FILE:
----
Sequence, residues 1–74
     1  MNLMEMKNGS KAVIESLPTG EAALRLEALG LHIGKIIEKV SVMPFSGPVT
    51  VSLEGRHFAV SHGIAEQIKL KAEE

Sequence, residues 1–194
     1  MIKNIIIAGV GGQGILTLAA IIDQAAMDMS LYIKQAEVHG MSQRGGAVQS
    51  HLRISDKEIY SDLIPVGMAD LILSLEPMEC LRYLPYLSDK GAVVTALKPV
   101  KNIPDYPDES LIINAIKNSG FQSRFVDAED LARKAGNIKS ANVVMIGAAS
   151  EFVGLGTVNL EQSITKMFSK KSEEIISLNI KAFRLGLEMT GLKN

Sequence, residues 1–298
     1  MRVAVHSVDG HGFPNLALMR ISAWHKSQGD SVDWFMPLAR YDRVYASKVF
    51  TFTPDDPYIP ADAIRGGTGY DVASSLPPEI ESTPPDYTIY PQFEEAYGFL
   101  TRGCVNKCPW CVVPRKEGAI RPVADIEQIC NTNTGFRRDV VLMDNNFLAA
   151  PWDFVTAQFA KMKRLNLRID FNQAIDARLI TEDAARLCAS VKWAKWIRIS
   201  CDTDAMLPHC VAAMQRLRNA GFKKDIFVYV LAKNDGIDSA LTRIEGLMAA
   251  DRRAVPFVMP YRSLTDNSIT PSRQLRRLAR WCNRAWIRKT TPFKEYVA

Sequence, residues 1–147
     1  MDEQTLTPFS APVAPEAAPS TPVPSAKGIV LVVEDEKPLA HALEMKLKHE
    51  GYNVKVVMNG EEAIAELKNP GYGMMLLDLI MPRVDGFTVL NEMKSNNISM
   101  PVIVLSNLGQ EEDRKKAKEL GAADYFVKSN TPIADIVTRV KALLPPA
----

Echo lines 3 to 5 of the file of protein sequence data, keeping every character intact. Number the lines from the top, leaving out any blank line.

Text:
    51  VSLEGRHFAV SHGIAEQIKL KAEE

Sequence, residues 1–194
     1  MIKNIIIAGV GGQGILTLAA IIDQAAMDMS LYIKQAEVHG MSQRGGAVQS